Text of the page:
Q. How do modern tools and technologies support collaboration on the scale needed for signature bridge delivery?
A. Due to the size and diversity of large project teams and the required speed of delivery, using web-based programs like ProjectWise and BlueBeam allows coordinated access and real-time review of documents. For example, version control of working files is extremely important on fast-moving projects. ProjectWise provides project teams a tool to organize and access files easily. When dealing with hundreds of deliverables that must be reviewed over the life of a large-scale project — and thousands of associated comments that must be responded to and resolved — BB offers a tool that enables reviewers to see comments as they are made in real-time and eliminates redundant comments.
Inspiration & Advice: Jeff Han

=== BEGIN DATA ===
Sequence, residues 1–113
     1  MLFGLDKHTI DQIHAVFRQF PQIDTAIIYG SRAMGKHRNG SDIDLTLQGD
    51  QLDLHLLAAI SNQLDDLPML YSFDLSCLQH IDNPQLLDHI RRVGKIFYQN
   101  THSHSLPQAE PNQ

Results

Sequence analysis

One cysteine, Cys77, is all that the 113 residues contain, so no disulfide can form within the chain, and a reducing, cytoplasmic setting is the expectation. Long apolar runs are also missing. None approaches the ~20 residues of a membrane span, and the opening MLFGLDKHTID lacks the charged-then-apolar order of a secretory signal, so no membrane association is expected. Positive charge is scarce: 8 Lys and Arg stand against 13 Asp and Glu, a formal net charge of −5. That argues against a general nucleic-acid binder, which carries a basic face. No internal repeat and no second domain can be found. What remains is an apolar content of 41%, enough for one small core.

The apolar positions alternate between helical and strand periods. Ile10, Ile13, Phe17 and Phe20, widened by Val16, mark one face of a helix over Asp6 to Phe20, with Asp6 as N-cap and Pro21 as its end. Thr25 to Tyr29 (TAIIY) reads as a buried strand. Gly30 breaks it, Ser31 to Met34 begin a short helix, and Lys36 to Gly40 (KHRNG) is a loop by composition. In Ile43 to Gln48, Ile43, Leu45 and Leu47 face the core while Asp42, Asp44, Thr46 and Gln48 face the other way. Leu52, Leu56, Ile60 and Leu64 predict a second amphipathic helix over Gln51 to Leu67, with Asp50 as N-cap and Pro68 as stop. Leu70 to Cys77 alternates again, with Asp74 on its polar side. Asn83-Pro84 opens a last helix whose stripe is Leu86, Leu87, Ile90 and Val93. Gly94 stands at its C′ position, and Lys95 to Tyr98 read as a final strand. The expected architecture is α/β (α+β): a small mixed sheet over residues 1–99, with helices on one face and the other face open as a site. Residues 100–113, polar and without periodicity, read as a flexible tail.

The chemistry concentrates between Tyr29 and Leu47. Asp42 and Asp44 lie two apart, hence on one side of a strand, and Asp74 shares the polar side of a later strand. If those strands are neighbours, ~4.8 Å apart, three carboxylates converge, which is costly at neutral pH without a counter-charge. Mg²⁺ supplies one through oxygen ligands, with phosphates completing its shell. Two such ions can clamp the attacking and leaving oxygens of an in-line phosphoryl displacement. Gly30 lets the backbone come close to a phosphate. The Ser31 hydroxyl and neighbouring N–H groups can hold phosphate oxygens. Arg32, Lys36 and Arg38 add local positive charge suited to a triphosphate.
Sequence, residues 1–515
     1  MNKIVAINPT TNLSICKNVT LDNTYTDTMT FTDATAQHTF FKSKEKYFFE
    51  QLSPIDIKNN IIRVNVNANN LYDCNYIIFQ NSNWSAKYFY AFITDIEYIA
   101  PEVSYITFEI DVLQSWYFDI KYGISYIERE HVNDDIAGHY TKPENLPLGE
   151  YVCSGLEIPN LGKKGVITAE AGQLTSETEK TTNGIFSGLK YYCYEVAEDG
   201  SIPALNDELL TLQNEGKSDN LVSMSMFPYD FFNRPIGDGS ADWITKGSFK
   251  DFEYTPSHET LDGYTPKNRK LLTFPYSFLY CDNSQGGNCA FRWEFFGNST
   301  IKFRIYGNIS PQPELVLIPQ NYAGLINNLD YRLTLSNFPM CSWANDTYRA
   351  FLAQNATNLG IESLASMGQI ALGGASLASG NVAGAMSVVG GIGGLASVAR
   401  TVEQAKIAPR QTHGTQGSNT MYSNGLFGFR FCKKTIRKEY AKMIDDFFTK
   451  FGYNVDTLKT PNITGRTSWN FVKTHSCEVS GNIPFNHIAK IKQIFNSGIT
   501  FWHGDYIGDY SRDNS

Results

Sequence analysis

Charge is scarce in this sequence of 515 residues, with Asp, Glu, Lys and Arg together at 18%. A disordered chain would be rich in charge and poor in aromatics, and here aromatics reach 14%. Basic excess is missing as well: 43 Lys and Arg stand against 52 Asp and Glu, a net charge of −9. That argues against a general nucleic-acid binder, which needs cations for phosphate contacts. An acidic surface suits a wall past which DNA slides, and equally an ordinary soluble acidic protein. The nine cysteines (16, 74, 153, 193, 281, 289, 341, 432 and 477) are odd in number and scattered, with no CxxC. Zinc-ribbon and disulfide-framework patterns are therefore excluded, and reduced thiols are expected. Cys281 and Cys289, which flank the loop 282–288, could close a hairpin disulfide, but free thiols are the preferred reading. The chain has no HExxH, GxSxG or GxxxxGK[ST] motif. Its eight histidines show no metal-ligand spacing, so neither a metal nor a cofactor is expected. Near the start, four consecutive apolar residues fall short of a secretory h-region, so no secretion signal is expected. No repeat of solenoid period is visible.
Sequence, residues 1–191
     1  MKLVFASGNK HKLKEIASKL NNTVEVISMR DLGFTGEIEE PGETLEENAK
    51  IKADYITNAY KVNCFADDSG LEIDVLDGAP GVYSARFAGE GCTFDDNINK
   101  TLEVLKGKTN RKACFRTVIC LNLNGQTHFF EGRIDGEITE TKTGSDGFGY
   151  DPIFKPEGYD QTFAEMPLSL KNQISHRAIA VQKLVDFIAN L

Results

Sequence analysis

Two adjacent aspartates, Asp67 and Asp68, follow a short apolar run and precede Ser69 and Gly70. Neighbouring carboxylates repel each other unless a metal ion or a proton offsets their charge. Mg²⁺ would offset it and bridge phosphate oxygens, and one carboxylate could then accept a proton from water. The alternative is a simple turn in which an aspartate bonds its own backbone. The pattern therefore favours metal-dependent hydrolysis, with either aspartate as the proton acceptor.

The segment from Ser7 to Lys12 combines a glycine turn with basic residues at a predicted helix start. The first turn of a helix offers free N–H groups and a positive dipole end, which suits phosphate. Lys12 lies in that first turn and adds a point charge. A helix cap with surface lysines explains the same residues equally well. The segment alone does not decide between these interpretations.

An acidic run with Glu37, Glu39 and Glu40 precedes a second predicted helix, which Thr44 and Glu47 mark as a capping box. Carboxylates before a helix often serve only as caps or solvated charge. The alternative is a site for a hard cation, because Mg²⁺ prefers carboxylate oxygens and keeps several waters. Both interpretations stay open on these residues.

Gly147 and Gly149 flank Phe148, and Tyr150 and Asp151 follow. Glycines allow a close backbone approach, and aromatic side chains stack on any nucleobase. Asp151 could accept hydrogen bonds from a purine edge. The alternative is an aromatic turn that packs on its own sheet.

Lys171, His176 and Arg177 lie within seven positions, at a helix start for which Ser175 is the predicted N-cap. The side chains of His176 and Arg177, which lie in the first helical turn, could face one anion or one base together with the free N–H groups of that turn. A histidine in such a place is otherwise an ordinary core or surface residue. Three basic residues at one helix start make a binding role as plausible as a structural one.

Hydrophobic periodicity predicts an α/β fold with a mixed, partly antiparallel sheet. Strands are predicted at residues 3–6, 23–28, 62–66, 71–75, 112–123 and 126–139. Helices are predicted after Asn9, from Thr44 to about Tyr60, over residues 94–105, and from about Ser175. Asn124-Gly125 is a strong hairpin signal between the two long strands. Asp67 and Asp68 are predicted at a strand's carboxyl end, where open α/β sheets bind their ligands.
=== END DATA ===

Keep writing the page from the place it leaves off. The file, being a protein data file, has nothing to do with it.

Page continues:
Q. What inspired you to become a bridge engineer?
A. I like the fact that you can see and touch your work, in many cases on a daily basis. Very few professions offer that type of gratification. As a structural engineer, bridge design impacts entire communities.
Q. What advice do you have for bridge designers who are new to the profession?
A. Learn as much about the entire business as possible. Structural engineering has many aspects. However, to be a strong engineer, you must understand the overall goals of the project — what we are designing in terms of traffic, roadway alignment, drainage, etc. A key is to look for different and varied assignments to equip you with a range of tools and skills.